It is basically your internal affair. We have learned that imposing a foreign language on a people has dire consequences.India also went through a phase for several years after independence when many North Indian leaders felt that Hindi should be the link language of India (as English was considered a colonial relic). However, that led to agitations in the South against Hindi (and through that North Indian) imposition. There are still some confused politicians who call for Hindi as the link language but now it is no longer compulsory to learn Hindi in south but it is an optional language.
An observation only:
You impose Sanskritized Hindi with military boots on the ground where you can. The Nagas, Mizos, Garo, Khasis, and the people of Sikkim, Manipur, Arunachal, Tamil Nadu, oppose the imposition of official Sankritized Hindi in the Devnagari script as dictated by your Rajbhasha Viibhag ( Department of official languages). Goa and Maharashtra oppose official Hindi too. Very few Indians are against common simple street Hindustani ( Hindi ) mixed with local dialects. India has given up using the Hindi language as a tool of cultural oppression only on non-Hindi speakers religious majority population. The language is linked to a religious identity: "Hindi Hindu Hindustan "
An interesting article here explains the cultural straight jacket:
The rule is different for minorities of course.
In Kashmir you just recently dumped Urdu and substituted it with Sanskritized Hindi in the Devnagari script hoping to "transform" Kashmiris into the " Indian " mold.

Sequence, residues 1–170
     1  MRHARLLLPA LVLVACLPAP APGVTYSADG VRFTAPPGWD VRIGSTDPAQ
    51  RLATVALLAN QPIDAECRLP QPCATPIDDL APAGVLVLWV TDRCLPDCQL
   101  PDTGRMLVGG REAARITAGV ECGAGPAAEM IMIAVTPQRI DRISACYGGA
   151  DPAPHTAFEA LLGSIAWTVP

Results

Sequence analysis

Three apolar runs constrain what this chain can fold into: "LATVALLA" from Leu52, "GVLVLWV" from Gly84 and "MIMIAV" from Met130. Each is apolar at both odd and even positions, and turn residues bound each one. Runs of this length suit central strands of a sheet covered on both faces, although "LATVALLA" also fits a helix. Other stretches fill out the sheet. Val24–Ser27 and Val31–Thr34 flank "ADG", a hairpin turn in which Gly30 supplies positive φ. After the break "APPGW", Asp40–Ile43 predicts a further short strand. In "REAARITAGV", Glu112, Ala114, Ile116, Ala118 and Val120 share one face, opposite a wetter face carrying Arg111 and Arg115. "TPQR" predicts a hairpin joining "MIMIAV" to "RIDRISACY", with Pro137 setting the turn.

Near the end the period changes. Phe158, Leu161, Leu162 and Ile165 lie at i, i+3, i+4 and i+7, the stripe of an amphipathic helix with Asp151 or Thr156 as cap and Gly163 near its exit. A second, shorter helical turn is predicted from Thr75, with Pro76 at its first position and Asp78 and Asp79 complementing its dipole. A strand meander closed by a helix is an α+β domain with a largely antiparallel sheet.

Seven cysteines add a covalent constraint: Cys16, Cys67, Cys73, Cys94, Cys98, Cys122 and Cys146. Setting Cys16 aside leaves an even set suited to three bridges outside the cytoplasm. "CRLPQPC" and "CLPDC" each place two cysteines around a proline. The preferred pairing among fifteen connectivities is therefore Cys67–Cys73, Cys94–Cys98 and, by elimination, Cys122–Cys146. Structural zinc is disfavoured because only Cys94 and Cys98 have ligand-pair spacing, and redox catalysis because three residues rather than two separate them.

Curious to see Indians touting linguistic similarities with Pakistan over Urdu, when the language itself in its written form is dead in India, basically killed off under the "Hindi, Hindu, Hindustan " slogan. Urdu was native to India in the north; studied and spoken by urban elite with no religious distinctions. Urdu co-existed with Hindi in the Devnagari script until the growing communal divide since the 1920s deemed anyone speaking or writing in Urdu an anti-national in India.
For some obscure reason not clearly defined why, the western zone of Pakistan in 1947 adopted Urdu as the language of communication when it should have been Saraiki. The biggest, and in my opinion only mistake made by Mr. Jinnah (himself a Gujarati speaker) was to declare Urdu as the national language of Pakistan which had tragic consequences later with regards to the former eastern wing. That is in the past now and we in Pakistan are much wiser, which is why all signage and documentation now is in both the local language as well as Urdu. In time Urdu will fade away and a new link language most probably Saraiki will emerge. Mandarin will be the language for technical and scientific education.
.In many aspects, India's diversity is more continental in nature. Hence, no surprise that we do need interpreters with the same country.
Keep your Parliament interpreters. Just don't envision adding Pashto, Punjabi, Baluchi, and Sindhi speaking interpreters to your interpreter pool.
Ram Manohar Lohia would not have been amused.An interesting story of my student days. We went on a student exchange trip to Europe where we were travelling to Hungary. While checking into a hotel there, we Indians (7 of us from various regions of India) started discussing in English among us. The receptionist asked in surprise as to why we were not talking in 'Indian' amongst us. It would have taken too long for us to explain why so we just smiled and went our way.
To round up from last paragraph in the excellent article in Scroll.in
" In 1955, an Official Languages Commission was appointed by the Union government to coin modern Hindi words given that it was going to be used for the first time as an administrative language. In his autobiography, Hindi poet Harivansh Rai Bachchan describes the amazement the “incomprehensible” Sanskritic neologisms caused. A radio was “vidyut prasaran” (electrical broadcasting device) and a train “lauhpath gamini” (ferrous-path voyager)."